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Making an appointment to meet with a psychotherapist

How can you decide who to work with?

Are you thinking about meeting with a psychotherapist but are uncomfortable about it on some level?

You are not alone!

In the next series of blogs I will explore some common feelings about psychotherapy that can make the difference between seeking assistance or not.

This first blog explores the difficulty of deciding whom to work with.  Making a decision to seek out help is a brave choice and not one that everyone makes! (example…Rob Ford).

By the time you have decided something isn’t working as well as it could in your life, you are already starting the work of creating change.

Now the first challenge comes into play! Who do I work with?  There are so many different types of therapy…..this is overwhelming!

Do I see a psychiatrist, psychologist, psychoanalyst, Cognitive Behavioural therapist, sex therapist, Jungian analyst, Gestalt psychotherapist, hypnotherapist?… and the list goes on and on!

This blog does not explore the differences amongst practitioners.  Rather the purpose of this blog is to simply alert you to the fact that there are differences in training, mandate, OHIP coverage, insurance coverage and style.

For example, a psychiatrist’s mandate is not necessarily to offer therapy sessions.  They may often refer their clients to a therapist while carefully monitoring medications and other aspects of their client.

A psychiatrist is covered by OHIP, and a psychotherapist is not.  What is important when making the brave decision to seek help is that you empower yourself to ask as many questions as possible.

Do your research and understand the style of therapy you are looking at engaging with.

What I have found over the years, both as a client and as a therapist, is that no matter what kind of therapy you engage in, it is the relationship and rapport with the therapist that heals.

Change in therapy does not come about by a series of techniques.  Rather, research reveals it is the healing relationship between client and therapist that is most important.

When choosing a therapist it is wise to meet or speak with more than one and get a sense of who they are and what they feel they have to offer you.

See how you feel after meeting them.  Be empowered by realizing that this is an important decision and the person you decide to work with needs to feel right on some gut level to you!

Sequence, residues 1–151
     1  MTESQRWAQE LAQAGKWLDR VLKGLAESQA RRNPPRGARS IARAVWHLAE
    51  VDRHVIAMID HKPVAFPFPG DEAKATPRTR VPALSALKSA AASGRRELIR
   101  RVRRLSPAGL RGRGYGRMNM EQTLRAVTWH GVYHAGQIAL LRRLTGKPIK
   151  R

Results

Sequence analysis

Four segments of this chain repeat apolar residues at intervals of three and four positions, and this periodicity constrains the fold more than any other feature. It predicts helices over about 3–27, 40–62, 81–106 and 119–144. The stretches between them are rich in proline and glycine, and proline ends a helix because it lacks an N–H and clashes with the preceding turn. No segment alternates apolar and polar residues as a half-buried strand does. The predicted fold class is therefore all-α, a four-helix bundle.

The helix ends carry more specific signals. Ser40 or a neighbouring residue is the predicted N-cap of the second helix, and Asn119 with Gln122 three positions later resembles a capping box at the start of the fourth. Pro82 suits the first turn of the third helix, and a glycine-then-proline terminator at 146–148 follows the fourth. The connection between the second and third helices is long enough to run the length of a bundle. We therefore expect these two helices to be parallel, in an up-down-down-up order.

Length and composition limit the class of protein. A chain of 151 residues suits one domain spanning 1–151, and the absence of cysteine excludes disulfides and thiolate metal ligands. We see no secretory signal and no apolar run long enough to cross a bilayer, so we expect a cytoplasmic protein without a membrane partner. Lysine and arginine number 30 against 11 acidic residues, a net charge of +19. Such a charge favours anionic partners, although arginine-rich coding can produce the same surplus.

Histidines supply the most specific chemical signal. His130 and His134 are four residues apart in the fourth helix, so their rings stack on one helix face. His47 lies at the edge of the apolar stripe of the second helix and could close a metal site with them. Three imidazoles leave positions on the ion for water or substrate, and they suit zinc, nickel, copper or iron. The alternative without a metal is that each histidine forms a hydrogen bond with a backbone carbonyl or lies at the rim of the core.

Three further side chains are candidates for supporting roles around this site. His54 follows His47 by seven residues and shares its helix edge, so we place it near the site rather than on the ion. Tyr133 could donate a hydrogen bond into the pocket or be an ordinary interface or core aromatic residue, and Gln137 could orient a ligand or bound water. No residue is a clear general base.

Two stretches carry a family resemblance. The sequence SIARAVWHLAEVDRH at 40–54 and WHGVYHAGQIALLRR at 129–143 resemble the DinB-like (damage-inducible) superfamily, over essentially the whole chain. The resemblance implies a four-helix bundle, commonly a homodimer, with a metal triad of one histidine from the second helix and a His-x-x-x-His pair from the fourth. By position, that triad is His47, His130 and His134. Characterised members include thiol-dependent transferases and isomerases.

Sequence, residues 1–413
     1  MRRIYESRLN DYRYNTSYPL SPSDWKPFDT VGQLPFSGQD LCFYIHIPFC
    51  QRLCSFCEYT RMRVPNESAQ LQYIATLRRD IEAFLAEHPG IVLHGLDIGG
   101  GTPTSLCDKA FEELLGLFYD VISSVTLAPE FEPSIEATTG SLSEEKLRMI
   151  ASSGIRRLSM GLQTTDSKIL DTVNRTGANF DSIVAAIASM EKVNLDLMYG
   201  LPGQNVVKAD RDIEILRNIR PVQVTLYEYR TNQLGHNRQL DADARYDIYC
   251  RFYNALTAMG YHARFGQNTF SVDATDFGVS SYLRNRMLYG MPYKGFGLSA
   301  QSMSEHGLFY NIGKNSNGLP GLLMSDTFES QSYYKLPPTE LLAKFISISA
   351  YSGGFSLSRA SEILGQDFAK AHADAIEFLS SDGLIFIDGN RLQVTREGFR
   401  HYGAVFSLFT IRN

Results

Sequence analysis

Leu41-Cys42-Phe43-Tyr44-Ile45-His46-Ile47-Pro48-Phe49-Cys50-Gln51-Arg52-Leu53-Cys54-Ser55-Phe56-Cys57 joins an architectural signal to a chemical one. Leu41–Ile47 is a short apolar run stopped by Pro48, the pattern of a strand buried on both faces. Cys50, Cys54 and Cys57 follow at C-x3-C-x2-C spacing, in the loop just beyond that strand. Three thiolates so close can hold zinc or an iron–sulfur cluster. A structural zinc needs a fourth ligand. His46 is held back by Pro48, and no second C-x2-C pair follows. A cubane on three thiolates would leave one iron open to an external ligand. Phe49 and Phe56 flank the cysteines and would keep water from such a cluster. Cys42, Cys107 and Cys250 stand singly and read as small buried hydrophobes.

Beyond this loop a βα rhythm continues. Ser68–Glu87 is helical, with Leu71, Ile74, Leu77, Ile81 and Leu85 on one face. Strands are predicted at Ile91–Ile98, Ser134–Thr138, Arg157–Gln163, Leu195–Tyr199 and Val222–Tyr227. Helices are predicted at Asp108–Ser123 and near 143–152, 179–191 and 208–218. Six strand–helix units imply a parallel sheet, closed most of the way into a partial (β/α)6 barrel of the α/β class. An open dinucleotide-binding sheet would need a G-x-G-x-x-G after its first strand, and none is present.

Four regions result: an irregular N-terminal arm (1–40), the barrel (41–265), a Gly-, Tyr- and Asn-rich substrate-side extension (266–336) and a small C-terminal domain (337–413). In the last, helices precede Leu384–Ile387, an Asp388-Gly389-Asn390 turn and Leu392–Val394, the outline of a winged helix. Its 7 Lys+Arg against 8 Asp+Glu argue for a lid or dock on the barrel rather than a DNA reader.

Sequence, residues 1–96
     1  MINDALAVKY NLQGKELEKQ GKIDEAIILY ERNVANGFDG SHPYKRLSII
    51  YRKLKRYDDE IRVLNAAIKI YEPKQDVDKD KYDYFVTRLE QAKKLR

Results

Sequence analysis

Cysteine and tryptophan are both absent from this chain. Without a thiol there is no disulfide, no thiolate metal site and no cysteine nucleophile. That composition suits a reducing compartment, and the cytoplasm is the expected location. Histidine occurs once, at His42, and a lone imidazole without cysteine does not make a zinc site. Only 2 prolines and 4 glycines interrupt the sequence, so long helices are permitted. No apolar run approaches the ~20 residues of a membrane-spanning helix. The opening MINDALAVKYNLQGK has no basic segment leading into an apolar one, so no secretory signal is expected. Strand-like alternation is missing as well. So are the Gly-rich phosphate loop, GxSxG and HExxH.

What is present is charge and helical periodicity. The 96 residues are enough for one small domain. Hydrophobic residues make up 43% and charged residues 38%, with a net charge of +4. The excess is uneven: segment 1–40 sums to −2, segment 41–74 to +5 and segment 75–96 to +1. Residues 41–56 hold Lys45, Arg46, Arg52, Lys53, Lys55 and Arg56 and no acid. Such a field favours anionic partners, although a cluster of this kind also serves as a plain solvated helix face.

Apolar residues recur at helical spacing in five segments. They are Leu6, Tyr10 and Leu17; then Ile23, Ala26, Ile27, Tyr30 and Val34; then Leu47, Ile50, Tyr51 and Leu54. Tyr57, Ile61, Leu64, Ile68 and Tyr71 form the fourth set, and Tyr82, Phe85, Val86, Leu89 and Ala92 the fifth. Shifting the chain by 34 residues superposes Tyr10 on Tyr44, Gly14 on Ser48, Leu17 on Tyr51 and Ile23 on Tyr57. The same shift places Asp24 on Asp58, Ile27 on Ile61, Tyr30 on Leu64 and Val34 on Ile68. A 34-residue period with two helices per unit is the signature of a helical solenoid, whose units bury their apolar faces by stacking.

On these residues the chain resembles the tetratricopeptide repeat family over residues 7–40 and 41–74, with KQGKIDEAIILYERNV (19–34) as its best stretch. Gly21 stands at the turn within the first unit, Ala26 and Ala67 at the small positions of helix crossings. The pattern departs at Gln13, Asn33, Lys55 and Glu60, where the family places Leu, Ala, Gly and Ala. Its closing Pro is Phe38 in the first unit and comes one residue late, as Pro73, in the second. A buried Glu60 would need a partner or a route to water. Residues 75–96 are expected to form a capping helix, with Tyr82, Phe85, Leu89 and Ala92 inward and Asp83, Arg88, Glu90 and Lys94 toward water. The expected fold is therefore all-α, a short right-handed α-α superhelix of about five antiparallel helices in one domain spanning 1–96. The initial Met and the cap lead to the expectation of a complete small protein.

Good luck with your decision!  If you would like to find out more about me, please contact me to schedule an appointment to get started.  I am happy to answer your questions and wish you all the best.

 

Common Inner Dialogue About Psychotherapy

This blog post explores the common inner voices that can occur prior to making an appointment to meet with a psychotherapist or during the ongoing work with your therapist.

Knowing that these voices can be quite loud is a great step towards making sure you don’t get derailed in your inner work.

Here is a brief list of what you might say out loud or simply hear in your head at any point along the therapy journey:

Am I a loser for needing to see a therapist?

How about all of those starving people in Africa… my problems are nothing compared to starvation.

This is clearly a first world problem I am speaking to you about.  I feel narcissistic and self involved.

These are just three examples of the many discouraging thoughts that can arise regarding psychotherapy.
Here I will address these three thoughts one by one.

Are you a loser for needing to see a therapist?  NO!  In fact people with a fair amount of internal “sobriety” have the sense that they need help and know how to get it and when to get it.  This is called maturity.

We run to the dentist to take care of our teeth, run to the mechanic to take care of our car and run to the gym to take care of our bodies.  What about the soul, spirit, mind and emotions?  Don’t those deserve care as well?  In fact what most people are unaware of is that it is the messy inner closets and emotional pain in our lives that cause a lot of our health problems.

In my opinion, not only are you not a loser (“a fuck up” is another variant of this notion) for seeking out a therapist; rather you are a mature, responsible person who is nurturing your life.  If you nurture your life, life will nurture you.

Another difficult thought is that there are those starving in…(name your place), and therefore my problems are nothing in comparison.  What this line of thinking means is that if a person is starving in Africa or elsewhere, you ought to stuff your pain so they won’t be starving.  Does this make any sense?  This kind of thought creates feelings of guilt and shame around needing love and assistance to sort out whatever the pain or difficulty is.  It already takes tremendous courage to do the work of inner change.  Watch out for this thought.

Finally, a very common theme is that my problems are first world and therefore I’m narcissistic and self-involved to even mention them.  Again, this is a shame and guilt inducing thought that will stand in the way of ever getting the support you need.  In my opinion, you are here in North America for a reason.  Never has there been a time in history where internal baggage can truly be unpacked.  When you lighten your own load you lighten the world’s load.

In this blog I have given you some of my own opinions and I encourage you to explore whether there is any truth here for you.

The next time you hear one of these thought in your mind or one of it’s variants… pause… and ask yourself is this thought even worth paying attention to or is it just there to derail moving forward into greater contentment and possibility?